Latest Coronavirus Casualty: SXSW 2020

(AP Photo/Eric Gay)

During a press conference Friday the City of Austin declared a “local disaster” and, on order of Austin Public Health, canceled SXSW and SXSW EDU 2020.


Minutes later SXSW released a statement via their Twitter account confirming that they’ll “faithfully follow the city’s directions.”

The full statement reads:

City of Austin Cancels SXSW March Events

The City of Austin has cancelled the March dates for SXSW and SXSW EDU. SXSW will faithfully follow the City’s directions.

We are devastated to share this news with you. “The show must go on” is in our DNA, and this is the first time in 34 years that the March event will not take place. We are now working through the ramifications of this unprecedented situation.

As recently as Wednesday, Austin Public Health stated that “there’s no evidence that closing SXSW or any other gatherings will make the community safer.” However, this situation evolved rapidly, and we honor and respect the City of Austin’s decision. We are committed to do our part to help protect our staff, attendees, and fellow Austinites.

We are exploring options to reschedule the event and are working to provide a virtual SXSW online experience as soon as possible for 2020 participants, starting with SXSW EDU. For our registrants, clients, and participants we will be in touch as soon as possible and will publish an FAQ.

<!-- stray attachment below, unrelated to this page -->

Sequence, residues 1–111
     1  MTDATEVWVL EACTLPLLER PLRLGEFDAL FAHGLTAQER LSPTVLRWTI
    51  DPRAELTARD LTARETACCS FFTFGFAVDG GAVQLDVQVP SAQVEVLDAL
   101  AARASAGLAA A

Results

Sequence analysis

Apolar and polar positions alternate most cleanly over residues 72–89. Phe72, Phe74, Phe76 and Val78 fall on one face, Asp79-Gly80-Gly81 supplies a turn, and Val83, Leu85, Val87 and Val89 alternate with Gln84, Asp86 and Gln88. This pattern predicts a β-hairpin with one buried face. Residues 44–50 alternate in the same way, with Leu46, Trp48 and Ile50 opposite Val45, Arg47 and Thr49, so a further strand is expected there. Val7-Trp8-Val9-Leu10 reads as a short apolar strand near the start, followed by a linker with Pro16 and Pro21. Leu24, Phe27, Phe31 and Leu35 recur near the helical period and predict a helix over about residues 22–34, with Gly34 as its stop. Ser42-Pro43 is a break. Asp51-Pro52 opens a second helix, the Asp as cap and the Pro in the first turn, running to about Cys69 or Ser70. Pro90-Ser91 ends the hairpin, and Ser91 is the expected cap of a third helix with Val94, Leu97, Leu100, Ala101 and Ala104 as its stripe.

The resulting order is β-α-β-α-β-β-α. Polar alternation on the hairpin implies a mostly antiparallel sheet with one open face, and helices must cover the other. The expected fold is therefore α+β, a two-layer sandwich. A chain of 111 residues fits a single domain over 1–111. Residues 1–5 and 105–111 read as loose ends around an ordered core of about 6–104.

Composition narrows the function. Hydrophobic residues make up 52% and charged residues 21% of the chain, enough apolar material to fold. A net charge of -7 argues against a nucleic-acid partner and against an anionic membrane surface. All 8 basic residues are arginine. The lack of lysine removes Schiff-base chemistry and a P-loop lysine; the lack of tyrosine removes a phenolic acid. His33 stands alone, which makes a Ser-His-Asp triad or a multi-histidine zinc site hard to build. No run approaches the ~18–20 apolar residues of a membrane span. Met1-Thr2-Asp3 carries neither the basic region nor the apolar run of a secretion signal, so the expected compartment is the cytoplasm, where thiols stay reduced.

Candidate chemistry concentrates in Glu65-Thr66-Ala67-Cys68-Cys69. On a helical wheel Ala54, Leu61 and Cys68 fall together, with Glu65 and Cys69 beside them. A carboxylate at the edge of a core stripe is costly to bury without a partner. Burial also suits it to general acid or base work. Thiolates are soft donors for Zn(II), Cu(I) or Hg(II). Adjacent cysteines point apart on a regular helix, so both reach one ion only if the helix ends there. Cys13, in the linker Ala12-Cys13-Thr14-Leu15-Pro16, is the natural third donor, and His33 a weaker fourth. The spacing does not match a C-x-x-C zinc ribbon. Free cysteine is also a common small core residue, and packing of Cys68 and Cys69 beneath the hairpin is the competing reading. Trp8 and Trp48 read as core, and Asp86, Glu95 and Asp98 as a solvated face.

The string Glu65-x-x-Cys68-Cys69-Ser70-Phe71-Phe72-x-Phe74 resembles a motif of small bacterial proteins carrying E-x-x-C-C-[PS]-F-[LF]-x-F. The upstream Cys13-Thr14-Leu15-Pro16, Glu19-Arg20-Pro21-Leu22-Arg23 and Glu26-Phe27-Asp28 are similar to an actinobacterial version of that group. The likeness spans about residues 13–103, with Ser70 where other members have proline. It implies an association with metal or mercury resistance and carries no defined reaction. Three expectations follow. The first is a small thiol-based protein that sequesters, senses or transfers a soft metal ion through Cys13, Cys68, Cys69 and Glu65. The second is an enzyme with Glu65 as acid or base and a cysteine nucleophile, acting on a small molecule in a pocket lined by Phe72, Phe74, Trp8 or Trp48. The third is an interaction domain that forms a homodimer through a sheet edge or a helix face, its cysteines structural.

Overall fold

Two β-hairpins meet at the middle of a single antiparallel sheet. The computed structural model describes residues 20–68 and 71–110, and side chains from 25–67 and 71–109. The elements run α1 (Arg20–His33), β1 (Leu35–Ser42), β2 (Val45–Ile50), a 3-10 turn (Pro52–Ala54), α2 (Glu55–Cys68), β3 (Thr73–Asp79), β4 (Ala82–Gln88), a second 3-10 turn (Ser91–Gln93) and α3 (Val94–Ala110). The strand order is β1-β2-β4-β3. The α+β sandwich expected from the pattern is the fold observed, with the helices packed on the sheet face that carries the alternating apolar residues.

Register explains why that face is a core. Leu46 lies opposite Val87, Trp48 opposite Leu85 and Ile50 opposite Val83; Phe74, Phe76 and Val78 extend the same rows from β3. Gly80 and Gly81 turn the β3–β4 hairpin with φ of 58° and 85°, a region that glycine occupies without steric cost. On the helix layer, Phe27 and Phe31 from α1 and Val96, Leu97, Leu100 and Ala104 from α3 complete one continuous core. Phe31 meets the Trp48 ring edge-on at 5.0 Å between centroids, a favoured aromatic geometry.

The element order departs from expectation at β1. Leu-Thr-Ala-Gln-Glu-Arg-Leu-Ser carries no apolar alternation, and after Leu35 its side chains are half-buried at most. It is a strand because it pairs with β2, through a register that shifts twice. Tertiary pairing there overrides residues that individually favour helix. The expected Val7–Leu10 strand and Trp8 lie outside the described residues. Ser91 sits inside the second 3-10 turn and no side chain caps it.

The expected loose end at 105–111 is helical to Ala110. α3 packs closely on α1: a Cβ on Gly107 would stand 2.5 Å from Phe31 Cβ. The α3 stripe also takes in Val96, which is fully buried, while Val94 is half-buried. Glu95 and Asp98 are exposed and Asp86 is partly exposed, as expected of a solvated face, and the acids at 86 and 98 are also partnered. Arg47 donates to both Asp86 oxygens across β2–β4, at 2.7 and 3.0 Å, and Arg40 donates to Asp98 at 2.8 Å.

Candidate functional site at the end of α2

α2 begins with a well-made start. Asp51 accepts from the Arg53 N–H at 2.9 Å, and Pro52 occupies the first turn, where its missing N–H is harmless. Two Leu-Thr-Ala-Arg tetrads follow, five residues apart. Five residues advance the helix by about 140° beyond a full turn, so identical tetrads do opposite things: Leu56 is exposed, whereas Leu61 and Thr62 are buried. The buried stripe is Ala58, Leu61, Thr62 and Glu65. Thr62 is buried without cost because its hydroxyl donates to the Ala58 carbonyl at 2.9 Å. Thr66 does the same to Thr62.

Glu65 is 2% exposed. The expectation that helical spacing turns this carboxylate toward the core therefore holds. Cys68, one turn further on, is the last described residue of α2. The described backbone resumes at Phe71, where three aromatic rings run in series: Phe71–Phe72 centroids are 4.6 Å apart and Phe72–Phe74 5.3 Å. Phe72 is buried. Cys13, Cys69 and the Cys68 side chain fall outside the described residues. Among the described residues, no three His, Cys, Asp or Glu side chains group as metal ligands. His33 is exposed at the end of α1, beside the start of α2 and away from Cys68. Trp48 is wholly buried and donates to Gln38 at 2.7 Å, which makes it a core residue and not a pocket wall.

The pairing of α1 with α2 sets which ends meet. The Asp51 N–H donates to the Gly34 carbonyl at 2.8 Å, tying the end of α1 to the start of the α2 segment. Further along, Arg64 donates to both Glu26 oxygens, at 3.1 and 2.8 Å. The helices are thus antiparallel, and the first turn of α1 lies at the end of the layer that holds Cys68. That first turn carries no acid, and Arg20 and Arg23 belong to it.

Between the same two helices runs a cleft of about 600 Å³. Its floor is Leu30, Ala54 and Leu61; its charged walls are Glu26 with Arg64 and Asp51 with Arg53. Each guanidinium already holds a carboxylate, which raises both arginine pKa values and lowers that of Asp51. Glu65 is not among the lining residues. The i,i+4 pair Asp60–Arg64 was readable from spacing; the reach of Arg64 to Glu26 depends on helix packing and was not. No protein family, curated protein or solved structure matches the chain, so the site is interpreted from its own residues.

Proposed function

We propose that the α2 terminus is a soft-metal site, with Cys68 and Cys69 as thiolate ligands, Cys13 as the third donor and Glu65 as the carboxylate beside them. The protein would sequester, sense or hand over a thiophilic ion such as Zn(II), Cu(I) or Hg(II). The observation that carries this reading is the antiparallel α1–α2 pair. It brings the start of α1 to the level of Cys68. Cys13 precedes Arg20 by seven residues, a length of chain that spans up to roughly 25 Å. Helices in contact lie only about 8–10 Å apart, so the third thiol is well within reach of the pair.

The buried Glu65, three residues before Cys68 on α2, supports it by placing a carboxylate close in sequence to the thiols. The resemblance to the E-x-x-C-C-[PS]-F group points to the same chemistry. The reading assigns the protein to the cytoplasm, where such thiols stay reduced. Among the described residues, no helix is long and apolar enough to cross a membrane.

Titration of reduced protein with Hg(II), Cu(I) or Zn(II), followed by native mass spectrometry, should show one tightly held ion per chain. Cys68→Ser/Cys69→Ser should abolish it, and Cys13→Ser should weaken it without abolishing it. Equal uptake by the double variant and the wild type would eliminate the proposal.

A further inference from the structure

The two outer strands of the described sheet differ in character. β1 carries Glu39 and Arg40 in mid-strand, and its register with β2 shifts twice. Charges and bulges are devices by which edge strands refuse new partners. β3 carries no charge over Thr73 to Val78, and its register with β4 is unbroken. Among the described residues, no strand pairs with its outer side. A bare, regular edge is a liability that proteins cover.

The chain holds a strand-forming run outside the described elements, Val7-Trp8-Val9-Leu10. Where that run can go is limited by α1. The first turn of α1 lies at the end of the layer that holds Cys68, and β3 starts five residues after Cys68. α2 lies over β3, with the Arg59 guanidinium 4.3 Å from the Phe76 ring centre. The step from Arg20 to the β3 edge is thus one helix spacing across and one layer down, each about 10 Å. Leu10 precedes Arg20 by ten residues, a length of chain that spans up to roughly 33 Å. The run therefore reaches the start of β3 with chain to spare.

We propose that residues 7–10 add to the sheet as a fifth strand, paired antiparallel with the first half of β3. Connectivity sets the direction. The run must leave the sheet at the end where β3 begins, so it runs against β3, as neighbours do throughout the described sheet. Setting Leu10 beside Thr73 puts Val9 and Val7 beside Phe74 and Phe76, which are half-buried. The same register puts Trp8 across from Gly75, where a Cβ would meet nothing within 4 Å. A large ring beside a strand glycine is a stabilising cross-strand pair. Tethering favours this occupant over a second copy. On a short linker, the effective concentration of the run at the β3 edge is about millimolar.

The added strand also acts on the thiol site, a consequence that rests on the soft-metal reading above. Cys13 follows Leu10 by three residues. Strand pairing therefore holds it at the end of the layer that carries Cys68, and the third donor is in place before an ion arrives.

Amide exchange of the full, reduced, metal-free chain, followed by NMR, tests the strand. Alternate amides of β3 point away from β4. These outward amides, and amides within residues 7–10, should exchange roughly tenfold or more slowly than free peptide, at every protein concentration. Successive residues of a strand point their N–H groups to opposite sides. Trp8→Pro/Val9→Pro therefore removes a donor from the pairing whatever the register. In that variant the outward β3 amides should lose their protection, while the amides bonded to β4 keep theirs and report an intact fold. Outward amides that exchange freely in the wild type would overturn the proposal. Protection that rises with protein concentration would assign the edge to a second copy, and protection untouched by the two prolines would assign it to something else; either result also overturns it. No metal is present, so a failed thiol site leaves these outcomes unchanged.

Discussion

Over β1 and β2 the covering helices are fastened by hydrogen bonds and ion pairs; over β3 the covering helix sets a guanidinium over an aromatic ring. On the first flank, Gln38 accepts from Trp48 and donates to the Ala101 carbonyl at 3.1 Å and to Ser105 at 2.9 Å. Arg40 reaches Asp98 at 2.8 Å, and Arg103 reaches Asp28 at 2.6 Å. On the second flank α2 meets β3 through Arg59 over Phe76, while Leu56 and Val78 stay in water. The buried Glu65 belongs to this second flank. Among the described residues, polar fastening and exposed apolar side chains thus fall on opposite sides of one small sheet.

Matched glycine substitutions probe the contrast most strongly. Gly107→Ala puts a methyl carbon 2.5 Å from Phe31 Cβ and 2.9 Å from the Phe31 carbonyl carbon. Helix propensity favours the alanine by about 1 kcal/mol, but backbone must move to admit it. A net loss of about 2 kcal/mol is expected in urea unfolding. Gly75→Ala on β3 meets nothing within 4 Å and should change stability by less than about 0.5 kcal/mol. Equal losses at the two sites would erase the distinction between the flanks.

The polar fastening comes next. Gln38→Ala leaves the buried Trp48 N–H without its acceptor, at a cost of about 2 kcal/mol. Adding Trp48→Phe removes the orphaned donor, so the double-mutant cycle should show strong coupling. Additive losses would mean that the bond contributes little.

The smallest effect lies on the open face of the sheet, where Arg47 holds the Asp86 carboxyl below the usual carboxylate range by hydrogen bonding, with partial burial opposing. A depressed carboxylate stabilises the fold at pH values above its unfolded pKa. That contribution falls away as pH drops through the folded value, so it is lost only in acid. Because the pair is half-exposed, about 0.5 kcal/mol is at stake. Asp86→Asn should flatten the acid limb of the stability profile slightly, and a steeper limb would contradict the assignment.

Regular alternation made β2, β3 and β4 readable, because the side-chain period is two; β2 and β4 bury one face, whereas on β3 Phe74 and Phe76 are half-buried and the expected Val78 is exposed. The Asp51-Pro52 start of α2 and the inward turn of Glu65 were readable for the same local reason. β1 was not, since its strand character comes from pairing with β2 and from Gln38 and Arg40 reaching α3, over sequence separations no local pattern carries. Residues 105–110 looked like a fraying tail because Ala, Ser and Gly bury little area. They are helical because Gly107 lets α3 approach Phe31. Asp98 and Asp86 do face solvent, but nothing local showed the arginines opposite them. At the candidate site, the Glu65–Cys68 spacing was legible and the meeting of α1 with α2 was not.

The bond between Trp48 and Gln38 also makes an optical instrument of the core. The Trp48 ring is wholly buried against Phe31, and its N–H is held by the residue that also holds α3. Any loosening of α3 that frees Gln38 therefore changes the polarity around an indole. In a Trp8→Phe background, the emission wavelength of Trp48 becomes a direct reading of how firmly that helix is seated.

We understand the gravity of the situation for all the creatives who utilize SXSW to accelerate their careers; for the global businesses; and for Austin and the hundreds of small businesses – venues, theatres, vendors, production companies, service industry staff, and other partners that rely so heavily on the increased business that SXSW attracts.

We will continue to work hard to bring you the unique events you love. Though it’s true that our March 2020 event will no longer take place in the way that we intended, we continue to strive toward our purpose – helping creative people achieve their goals.

SXSW organizers pledged to provide a “virtual SXSW experience online” as soon as possible so would-be attendees can still hear from the speakers they’d been looking forward to. Obviously, there’s no way to virtually provide the networking and deal-making that would normally take place and doesn’t put customers in the seats of restaurants and other venues.

Their statement also highlighted how hard the cancellation will hit not only the “creatives” who use SXSW for networking, but the small businesses and Austin’s economy as a whole.

If this brand of alarmism is the new normal, everyone should be prepared to live their lives in a bubble and never come in contact with another human being.



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